Care workers are now being banned from being employed at different homes; they now have a restriction to work only in one home. This legislation was drawn up to limit the transmission of the lethal virus, it is expected to be put into full force in the coming weeks.
The first week of the coronavirus pandemic was specifically difficult for home residents, above 20,000 of them passed away as a result of coronavirus infection. This was discovered to have happened in part due to asymptomatic coronavirus workers being allowed to move easily between different care homes and doing so without being tested.
Experts also say bank staff that was also employed at such homes also risked more because such people usually work for more than 1 facility and thus are a higher risk of catching the lethal virus and then passing it off to most vulnerable care home residents.
Under the newly planned laws, however, care home staff will have to sign a document that will prevent them from taking up work in more than one place. This is an attempt to limit the risk of such staff being infected and infecting residents in the process.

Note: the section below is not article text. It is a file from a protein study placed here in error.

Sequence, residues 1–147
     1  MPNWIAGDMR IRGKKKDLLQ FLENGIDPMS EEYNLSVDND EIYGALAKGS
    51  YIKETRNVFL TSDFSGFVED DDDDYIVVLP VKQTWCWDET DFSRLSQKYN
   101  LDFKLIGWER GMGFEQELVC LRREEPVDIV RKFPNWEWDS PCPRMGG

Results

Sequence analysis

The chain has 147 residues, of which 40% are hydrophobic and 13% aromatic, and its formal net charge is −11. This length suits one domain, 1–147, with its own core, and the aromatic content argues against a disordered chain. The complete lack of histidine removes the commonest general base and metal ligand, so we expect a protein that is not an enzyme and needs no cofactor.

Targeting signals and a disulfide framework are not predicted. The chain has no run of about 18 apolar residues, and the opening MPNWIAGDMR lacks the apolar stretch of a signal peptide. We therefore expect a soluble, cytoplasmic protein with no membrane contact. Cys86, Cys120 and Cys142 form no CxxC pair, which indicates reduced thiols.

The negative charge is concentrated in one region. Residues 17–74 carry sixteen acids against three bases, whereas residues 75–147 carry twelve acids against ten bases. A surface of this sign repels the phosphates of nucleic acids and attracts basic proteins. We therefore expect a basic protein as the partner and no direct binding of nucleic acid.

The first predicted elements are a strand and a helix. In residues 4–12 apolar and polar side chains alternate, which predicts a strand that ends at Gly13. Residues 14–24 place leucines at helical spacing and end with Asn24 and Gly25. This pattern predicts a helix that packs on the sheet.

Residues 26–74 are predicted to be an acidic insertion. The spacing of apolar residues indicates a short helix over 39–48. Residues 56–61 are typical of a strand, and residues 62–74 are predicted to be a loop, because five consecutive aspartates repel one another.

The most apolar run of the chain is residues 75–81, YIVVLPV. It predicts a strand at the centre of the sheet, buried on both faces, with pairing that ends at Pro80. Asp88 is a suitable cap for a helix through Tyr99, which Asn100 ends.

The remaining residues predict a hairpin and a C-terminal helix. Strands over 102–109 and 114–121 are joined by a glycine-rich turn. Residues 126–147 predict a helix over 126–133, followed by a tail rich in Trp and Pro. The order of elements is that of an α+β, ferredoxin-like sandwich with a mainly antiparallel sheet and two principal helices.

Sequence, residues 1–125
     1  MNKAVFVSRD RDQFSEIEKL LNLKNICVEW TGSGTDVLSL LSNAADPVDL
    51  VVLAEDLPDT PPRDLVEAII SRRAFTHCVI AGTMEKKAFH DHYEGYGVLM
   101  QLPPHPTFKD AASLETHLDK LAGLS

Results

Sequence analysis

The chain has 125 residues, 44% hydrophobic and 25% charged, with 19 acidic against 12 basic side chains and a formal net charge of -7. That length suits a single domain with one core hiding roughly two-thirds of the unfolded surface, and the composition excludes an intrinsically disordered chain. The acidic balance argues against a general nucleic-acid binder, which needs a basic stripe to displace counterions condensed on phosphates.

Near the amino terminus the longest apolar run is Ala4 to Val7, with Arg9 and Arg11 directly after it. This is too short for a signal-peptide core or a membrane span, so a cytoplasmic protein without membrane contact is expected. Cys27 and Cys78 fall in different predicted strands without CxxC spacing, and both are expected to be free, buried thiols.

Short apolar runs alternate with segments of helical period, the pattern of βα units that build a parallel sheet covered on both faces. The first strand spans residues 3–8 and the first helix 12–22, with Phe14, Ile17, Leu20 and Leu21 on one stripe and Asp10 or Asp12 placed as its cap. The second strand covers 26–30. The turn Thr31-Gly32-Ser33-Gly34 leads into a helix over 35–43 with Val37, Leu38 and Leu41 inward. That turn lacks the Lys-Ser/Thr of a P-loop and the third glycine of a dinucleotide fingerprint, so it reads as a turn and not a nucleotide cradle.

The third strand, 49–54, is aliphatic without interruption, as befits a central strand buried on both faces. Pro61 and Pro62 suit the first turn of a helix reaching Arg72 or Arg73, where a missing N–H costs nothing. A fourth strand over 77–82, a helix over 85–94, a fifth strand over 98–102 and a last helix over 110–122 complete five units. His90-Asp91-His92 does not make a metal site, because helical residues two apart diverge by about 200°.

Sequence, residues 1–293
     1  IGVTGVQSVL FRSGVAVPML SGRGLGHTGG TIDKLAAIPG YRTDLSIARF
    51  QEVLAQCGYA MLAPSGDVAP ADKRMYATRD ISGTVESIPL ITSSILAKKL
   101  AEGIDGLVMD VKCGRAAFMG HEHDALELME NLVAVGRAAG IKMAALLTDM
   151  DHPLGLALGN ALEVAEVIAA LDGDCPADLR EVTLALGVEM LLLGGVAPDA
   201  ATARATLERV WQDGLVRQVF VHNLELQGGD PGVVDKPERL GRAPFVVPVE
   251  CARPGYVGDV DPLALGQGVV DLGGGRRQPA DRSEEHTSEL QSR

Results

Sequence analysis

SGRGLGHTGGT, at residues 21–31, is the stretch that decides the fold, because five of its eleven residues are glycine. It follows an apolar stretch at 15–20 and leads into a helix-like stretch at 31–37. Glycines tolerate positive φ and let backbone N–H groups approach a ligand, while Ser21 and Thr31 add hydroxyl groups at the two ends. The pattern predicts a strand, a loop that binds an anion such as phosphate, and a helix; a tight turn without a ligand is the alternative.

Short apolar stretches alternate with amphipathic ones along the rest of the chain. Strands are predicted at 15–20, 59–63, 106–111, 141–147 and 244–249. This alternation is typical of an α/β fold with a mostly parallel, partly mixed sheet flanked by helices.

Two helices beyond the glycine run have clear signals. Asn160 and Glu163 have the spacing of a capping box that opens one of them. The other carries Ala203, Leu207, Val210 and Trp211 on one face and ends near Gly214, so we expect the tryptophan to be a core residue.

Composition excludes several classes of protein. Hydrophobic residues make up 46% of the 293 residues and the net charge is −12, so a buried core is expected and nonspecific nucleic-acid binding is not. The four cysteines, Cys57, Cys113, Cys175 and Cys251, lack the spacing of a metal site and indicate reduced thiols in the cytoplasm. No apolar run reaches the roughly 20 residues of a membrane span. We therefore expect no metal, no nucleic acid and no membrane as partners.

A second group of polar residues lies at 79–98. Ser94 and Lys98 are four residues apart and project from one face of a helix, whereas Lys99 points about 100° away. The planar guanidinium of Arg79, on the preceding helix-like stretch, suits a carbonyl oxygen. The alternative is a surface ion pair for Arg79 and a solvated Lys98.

In response to what happened in spring, ministers are fast drawing up plans to respond to the current situation in an effort to prevent previous mistakes from repeating.
Some bosses of such homes have however expressed concerns that not being able to share carers between various homes will put them in a hard place.
They argue that it will prevent homes from being able to take due care of their residents, while some homes will have to shut down entirely because of a lack of staff. Most home facilities have mutual employees that work around the clock but now that the new legislation will prevent them from doing so, these homes have huge adversity at hand.
Caroline Abrahams is a charity director. She explains that within social care are endless vacancies, which means the new legislation will only make it even more difficult for such homes to operate and keep the infection in control.
She brings the struggles to notice by saying how hard it is if the staff is required to self-isolate because homes will only further face challenges in taking care of residents without an adequate number of employees and since they’re usually already short on such employees it makes the situation even harder.
Helen Whately is a care minister; she insists that the legislation is only being put into place so such homes are not left to fend for themselves like they were at the beginning of the coronavirus pandemic.
If such homes do not comply with the new government rules they may face serious notices and may even risk being shut down or being denied essential funding.
The department of Health and Social Care believes stopping mobility of staff between care settings is crucial in our battle to minimize the spread of the lethal disease among care residents.